Can this rule work for some people? For sure! And is that stellar for those people? Heck yeah! And do I think those people represent the majority of people? Heck to the no.
2. If you’re unsure whether or not to get rid of things, put them in a box in the basement. Over the next x number of months, fetch out anything you recall and desire from the box. Anything left in the box after the allotted time period gets donated.
Similarly to the above rule, this one is far from being helpful for most people in my experience.
For most people, the “maybe” pile or the “let’s see about it” basement box is nothing more than procrastinating the inevitable. It’s yet another chance to avoid making a decision they are fully capable of making in the moment.
And the people I know and have worked with? They ain’t never going to go down to their basements on a pre-appointed time, nod obediently to themselves, and then cart that box out of there.
That box will sit there. For a long time. That’s what will happen there. For most people.
3. Never touch a piece of paper twice.
This one honestly confounds me. I don’t know who made this one up, but I think it’s just about the dumbest rule ever. Why? What?
3 Rules To Live By…
1. One in, one out.
If there is one typical organizing rule that I condone and often recommend people follow, it’s the one-in-one-out rule. It’s the rule I find easiest for people to follow, since there’s no gray area to it. And especially once people have worked with me to become very familiar with what they own, it’s easy for them to evaluate a given collection of items and continue to vote off the weakest link with the addition of each new thing.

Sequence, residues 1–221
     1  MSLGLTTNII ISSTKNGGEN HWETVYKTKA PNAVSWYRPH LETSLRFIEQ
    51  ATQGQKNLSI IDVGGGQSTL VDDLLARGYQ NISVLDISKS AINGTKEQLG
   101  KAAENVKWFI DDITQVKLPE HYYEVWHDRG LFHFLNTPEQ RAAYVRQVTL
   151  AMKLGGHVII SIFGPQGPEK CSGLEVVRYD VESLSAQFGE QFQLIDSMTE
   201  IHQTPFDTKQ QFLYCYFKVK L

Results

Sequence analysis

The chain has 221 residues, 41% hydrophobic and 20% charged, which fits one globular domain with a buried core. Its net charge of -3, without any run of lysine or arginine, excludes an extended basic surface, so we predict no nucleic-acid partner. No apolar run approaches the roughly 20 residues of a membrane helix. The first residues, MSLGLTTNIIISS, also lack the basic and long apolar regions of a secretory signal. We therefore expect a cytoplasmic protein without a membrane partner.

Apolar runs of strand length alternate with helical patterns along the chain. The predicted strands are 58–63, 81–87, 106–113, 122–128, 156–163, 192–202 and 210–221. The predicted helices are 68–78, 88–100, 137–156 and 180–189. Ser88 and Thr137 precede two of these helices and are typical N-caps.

I love this guideline and highly recommend you get it going as well.
2. Store it where you use it.
This is another common organizing rule that I find completely sensible and highly helpful for people. In fact, being told they can and should keep things where they actually use them, even if that location isn’t typical for anyone else, is often the breakthrough moment with clients.
Your home and your belongings have to work for you, have to support your daily functioning.
3. Label things.
Labeling isn’t anal or “OCD,” it’s just smart. Seriously, do it.
1 Rule I Wish More People Mentioned…
At all times. No matter the size of the household. Have a collection spot or vessel for any donation items that crop up throughout your days.
What organizing rules have worked or not worked for you??
Image credits: My Dubio, Martha Stewart, The Everygirl, Curbly
Wednesday, May 20, 2015
It’s been rawther hot and heavy around here the past two days, and so when someone tweeted me a request for help finding non-ugly fans I thought it a winning idea. Even though fans aren’t exactly typical Live Simply material, being cool/calm/collected definitely is.
At least in Seattle, land of no AC, floor and table fans are a household staple in the warmer months. In fact, they’re really much more like seasonal decor items than mere appliances. At least, they can be, if you buy yourself one that isn’t a total hardware store downer– I’m cheap and plastic, hear me blow and sometimes buzz-rattle.
I was pleasantly surprised to find that there is no shortage of optically appealing fans from which to choose. And honestly, almost anything outside the five varieties offered by the Big stores look mighty interesting in comparison.
(No offense meant to those reading who only own ugly useful fans. I own two, myself, so no judgment. But the beautiful, stylish, floor fan I own is undeniably my favorite of the three, so there’s that.)
Right, let’s get this breeze a’ blowing!